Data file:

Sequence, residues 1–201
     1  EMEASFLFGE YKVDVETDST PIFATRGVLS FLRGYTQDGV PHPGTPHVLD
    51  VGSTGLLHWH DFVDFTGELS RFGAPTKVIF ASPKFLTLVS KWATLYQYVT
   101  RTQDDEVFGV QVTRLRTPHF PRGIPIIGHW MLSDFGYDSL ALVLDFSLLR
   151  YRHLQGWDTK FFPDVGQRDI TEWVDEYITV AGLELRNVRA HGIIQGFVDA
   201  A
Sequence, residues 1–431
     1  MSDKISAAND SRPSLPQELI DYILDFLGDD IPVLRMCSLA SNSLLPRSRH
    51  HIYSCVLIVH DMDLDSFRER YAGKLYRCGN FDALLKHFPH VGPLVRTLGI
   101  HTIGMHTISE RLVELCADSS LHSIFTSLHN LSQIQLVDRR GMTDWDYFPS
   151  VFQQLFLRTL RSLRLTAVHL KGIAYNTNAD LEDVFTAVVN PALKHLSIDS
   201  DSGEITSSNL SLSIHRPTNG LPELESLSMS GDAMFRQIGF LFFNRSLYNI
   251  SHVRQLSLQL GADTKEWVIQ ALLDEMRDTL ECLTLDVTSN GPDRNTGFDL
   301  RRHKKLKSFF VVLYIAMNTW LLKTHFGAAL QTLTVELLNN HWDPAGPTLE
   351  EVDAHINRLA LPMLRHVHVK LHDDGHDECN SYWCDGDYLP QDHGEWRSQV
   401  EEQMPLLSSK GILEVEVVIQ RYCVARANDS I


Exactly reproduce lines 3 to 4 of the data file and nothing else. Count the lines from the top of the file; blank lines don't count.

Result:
    51  VGSTGLLHWH DFVDFTGELS RFGAPTKVIF ASPKFLTLVS KWATLYQYVT
   101  RTQDDEVFGV QVTRLRTPHF PRGIPIIGHW MLSDFGYDSL ALVLDFSLLR